Foreign Language Teachers at LSU Fight Back

They’re not about to lose their jobs and the departments they represent without a fight.  The LSU Fourteen (fourteen foreign language teachers who had been told by the administration that they would lose their jobs at the university by January 2011) decided they were not going to sit around and be fired.  Support for them has continued to grow at the university as well as beyond.  On October 5, groups of LSU faculty and students showed up to protest the budget cuts in a New Orleans-styled jazz funeral with horns blasting and protestors marching slowly across the LSU Parade Ground.

It’s great to see that students and faculty can find a common cause!  Hope the protests work!!  Here’s a report about the November 5 rally:

Kelsey Scram reports for NBC33 tv on the issue:  the link to the actual tv report is http://www.nbc33tv.com/lsu/national-advocacy-group-gets-behind-lsu-instructors (view the video via that site)

Fourteen LSU instructors are set to lose their jobs at the end of the semester. The university chalks it up to budget cuts, but one advocacy group says, not so fast.

Senior Hollis Carter devotes her free time to saving LSU’s foreign language department.She and the other members of the Proud Students organization try to find alternative solutions to getting rid of the Foreign Language 14.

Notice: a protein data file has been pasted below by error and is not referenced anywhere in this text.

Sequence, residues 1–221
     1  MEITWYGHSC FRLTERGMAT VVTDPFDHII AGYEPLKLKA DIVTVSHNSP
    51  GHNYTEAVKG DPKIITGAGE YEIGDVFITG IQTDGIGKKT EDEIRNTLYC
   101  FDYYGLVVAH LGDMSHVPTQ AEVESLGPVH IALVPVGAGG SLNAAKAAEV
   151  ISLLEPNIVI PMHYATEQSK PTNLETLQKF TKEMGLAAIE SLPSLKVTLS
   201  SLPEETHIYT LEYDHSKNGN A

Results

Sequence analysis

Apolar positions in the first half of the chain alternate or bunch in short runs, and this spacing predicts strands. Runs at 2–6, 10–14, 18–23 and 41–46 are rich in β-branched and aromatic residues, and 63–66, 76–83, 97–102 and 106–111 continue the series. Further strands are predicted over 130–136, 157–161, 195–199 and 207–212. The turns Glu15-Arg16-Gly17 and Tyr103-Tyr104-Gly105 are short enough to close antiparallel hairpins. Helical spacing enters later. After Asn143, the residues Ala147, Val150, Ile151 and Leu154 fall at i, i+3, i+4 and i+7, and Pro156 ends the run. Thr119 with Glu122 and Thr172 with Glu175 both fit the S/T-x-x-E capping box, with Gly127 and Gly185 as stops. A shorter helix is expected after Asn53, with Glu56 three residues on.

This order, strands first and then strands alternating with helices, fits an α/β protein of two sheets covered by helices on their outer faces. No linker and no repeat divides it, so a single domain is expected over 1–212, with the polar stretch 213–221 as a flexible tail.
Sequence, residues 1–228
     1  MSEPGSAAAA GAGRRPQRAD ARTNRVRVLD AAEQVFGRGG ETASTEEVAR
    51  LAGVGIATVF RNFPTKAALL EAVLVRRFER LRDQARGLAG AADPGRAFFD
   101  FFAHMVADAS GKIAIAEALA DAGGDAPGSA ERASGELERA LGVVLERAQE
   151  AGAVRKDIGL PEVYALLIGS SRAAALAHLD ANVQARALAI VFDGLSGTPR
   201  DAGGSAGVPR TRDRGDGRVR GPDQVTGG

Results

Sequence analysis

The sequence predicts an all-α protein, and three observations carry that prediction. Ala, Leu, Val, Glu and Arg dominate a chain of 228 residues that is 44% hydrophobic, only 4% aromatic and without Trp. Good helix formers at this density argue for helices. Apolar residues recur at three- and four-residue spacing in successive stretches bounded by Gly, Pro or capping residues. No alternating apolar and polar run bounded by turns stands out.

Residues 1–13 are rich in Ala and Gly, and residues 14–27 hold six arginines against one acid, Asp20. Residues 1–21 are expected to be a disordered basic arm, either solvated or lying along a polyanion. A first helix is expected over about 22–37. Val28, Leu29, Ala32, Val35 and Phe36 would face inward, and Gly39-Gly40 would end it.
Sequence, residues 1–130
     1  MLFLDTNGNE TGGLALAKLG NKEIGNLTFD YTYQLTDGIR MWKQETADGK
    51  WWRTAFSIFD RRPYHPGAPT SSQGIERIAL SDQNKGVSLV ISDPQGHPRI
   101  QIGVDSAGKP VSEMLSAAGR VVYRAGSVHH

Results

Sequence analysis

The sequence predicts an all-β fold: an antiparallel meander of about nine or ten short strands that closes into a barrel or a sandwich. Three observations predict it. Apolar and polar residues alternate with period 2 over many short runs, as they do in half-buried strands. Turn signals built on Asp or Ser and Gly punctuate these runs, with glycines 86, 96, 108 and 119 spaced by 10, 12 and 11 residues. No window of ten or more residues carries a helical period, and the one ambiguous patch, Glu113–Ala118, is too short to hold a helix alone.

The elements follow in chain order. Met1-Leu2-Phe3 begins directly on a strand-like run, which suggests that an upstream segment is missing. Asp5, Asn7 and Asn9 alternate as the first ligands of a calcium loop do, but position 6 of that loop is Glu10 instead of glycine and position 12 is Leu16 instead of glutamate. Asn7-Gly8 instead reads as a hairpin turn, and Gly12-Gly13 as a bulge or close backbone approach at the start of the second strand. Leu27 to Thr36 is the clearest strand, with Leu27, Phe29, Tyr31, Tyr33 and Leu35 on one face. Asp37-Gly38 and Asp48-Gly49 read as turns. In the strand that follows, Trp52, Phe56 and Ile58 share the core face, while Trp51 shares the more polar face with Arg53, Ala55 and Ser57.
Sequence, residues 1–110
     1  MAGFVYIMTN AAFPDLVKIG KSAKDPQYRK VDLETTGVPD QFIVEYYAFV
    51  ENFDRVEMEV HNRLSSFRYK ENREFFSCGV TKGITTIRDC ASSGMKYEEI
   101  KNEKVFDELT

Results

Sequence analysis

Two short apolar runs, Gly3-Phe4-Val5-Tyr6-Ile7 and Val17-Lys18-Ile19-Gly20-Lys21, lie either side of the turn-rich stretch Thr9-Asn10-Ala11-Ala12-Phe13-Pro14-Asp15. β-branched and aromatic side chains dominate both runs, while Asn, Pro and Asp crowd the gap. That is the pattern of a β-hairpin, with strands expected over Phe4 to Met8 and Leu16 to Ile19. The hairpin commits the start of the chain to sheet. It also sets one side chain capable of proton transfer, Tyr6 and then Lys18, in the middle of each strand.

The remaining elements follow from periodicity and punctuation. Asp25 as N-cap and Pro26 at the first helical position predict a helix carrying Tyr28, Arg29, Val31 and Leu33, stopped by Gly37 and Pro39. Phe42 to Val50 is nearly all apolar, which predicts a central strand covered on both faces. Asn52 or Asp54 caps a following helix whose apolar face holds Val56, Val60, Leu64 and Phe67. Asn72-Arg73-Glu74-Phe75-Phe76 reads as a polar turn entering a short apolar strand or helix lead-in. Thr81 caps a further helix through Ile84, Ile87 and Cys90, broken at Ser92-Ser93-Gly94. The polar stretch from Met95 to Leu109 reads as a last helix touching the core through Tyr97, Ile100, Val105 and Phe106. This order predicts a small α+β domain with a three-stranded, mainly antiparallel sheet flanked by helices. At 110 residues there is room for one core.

“We’re making progress as a whole, as a student body and as a community,” says Carter.

Now, however, she has the backing of a national advocacy group. The American Association of University Professors sent a letter to Chancellor Michael Martin, asking him to reinstate the 14 instructors. This is the third such suggestion they’ve sent out to LSU this year.”I think it shows that this isn’t just a local small thing about students getting upset,” says Carter. “Its a big deal.”

The Letter continues to suggest that if the instructors have to be fired, they should at least get to finish out the academic year.

Angelika Roy is a German teacher. She’s one of the 14 teachers losing her job in January. “There are very little opportunities for us to find employment in the middle of the academic year,” she says.

The AAUP says the instructors deserved more notice that they would be getting laid off. Many have worked at LSU for more than seven years. That counts as a form of tenure, according to the advocacy group.

“I hope the chancellor says we will need to look at this whole scenario again and it was a bad decision,” says Roy.

Chancellor Martin also heard from the Faculty Senate this week. They recommended keeping the instructors around a little longer, too. Now, both students and their teachers wait to see what Martin will do next.

“I want him to come out and talk to us, tell us what’s going on in his head,” says Carter.

LSU Provost John Hamilton says he has not read the letter from AAUP yet, but he feels that the university is in the right. He says LSU gave the instructors a year’s notice of their termination. He says the school does not have the money to keep the instructors on for another semester.

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